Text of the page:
Momofuku Ko – Japanese/American (New) – East Village
October 19th, 2010 by plumpdumpling

I maaaaay have said some mean things about Chef David Chang in the past. I may have suggested he’s arrogant and that all of the NYC food critics are stuck up his butt. I may have complained about his anti-photo policy and his online reservation system that requires weeks (months!) of clicking just for the opportunity to spend $700 and not eat until 9:40 p.m. on a Monday night.

But I was wrong, and on Saturday, Dr. Boyfriend and I had what was so unequivocally the best meal of our lives that I might have to add an extra doughnut to my rating system just to accommodate it.

We’d heard that lunch at Momofuku Ko was longer and more creative than dinner service, so we arrived at 12:40 p.m. on Saturday and handed over our obligatory e-mail reservation confirmation (I imagine they’d have a lot of people pretending to be other people without it, hard as it is to get a reservation there). Neither of us were excited about it. In the least. We were interested in the restaurant from the standpoint that about 99% of people who eat there call it life-changing, but honestly, if they didn’t charge $150 per person for not showing up, I’m not sure we wouldn’t have gone to Taco Bell instead.

We were seated at two of the stools around the 14-person bar like at Degustation, only at Ko, there was a good two feet separating us from the couples on either side of us, so I didn’t have to worry about some dude’s elbows in my food. The kitchen is in the center of the bar, so we watched for a moment as plates of mushrooms and uni were prepared for our fellow diners. I scanned the various containers situated all around the kitchen for shrimp heads as Stereolab, Dr. Boyfriend’s favourite band, began playing overhead.

Momofuku Ko Interior

One chef stepped in front of us, greeted us familiarly, and asked if we had any food allergies. I considered listing all of the things I didn’t feel like eating that day–tomatoes, mushrooms, seafood of any kind–but in the end, we said we were good to go. And here’s what we got (with wine pairings!):

• British Columbian and Kumamoto oysters in sweet potato vinegar

My first time eating an oyster! It’s funny, because Kamran always says he won’t take me to Per Se because he’s afraid I’ll make him eat the inevitable oyster, but the chef just placed one each in front of us on a little bed of crushed ice, and I just scooped it up and, you know, kind of chewed on it without actually biting through it, and swallowed it whole. I didn’t even consider not eating it. And I think I actually liked it a little bit. It had super-intense ocean flavor made even more potent by the vinegar, but it also had that fresh, clean thing going on that really gets you ready to eat more.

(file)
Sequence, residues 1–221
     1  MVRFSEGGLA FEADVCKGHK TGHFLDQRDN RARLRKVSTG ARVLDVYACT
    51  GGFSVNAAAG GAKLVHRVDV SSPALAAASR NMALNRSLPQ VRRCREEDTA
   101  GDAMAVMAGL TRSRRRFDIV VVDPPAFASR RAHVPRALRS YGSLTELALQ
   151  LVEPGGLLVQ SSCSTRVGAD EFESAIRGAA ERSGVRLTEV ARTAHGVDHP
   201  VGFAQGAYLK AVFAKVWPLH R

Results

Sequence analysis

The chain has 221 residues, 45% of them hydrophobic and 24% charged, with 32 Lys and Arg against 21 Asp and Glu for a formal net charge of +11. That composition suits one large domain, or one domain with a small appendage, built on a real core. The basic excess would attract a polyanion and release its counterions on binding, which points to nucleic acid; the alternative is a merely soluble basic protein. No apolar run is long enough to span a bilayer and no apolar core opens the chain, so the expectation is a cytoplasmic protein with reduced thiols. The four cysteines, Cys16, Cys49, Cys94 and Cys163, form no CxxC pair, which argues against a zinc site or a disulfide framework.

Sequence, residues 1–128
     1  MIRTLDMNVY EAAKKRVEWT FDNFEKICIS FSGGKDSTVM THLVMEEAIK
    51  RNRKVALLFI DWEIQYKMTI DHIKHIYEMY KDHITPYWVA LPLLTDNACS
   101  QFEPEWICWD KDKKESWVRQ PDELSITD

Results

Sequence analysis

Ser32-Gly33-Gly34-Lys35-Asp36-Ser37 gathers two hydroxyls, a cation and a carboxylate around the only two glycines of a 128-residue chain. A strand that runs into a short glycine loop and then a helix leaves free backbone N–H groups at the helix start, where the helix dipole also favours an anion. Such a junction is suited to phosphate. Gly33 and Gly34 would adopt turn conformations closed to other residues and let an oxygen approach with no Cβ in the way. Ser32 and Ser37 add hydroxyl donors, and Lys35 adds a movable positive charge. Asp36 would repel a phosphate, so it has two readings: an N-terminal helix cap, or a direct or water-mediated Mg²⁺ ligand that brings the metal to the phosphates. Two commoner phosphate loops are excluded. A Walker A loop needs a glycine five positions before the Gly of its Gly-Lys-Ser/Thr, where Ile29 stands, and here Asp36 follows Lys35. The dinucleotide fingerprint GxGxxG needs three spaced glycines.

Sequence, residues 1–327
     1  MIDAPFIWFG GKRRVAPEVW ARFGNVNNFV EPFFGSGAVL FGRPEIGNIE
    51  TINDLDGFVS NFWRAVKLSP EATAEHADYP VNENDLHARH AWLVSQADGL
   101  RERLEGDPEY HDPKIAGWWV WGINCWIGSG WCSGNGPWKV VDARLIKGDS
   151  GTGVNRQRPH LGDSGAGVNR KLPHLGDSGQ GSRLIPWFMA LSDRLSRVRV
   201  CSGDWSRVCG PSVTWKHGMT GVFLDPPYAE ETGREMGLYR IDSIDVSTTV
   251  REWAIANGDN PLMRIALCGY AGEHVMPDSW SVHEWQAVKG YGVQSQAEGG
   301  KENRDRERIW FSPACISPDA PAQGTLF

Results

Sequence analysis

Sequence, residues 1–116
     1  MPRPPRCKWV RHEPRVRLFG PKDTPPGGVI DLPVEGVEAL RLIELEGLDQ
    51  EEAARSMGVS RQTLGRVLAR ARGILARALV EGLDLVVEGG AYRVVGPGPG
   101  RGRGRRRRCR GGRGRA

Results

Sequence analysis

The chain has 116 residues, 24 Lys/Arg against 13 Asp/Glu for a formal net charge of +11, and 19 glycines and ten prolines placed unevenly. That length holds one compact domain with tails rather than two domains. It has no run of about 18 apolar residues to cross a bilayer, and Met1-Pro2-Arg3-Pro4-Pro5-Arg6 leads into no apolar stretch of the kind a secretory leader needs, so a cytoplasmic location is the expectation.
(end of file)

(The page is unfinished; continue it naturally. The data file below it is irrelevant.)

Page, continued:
• grilled sesame cracker smothered in black garlic spread with banana peppers

If there was one throwaway course, this was it. It was a cracker about the size of a postage stamp, grilled so the layers of dough puffed up and formed a little pocket, with black garlic spread and little sliced banana peppers sprinkled on top. It was fine and plenty delicious, but it felt less like a complete course and more like a time-filler.

• potato souffle tube filled with artichoke puree and Hackleback caviar

It looked like a half-size pretzel rod, but it tasted like the best potato chip you’ve ever had, formed into a browned tube and filled with smooth, rich artichoke. The caviar added a nice little salty note, but it wasn’t nearly as present as caviar usually is for me, which is good or bad, depending on how you feel about BRINY FISH EGGS.

• Fried artichoke on parsley root puree with olive and lime

This artichoke, light and fluffy as it was, reminded me of a deep-fried zucchini flower. It was served on the traditional Japanese soup spoon with a dollop of the puree underneath. I think of artichokes as being sort of beige and chewy, but this one nearly disintegrated on my tongue and made me think in yellows and pinks. The acid from the lime perked the entire dish up and made it seem summery.

• sushi plate:
1) fish scales
2) Spanish mackerel with beets and freeze-dried soy sauce
3) fluke with pickled onion
4) diver scallop with pineapple vinegar

This was the first real dish and the one where Kamran and I looked at each other with the glint of “holy crap!” in our eyes. Without a menu to reference, I was trying to jot down the courses as the chefs presented them to us, and this was one of those cases where my notes are sadly lacking. “fish scales”?

I’m someone who leaves the best thing on the plate for last, and to imagine myself–a life-long seafood-hater–actually putting aside a piece of fish with the intention of savoring it later is unthinkable. But those fish scales, whatever they were, were incredible. They were literally two slices of whitefish the size of quarters with the skin still on and nothing else. And they were INCREDIBLE. I loved fish + beet, I loved fish + onion, and I loved scallop + pineapple, but I loved fish + scale.

• 1) Santa Barbara uni, yuzu zest, puffed black rice
2) wagyu with diced squash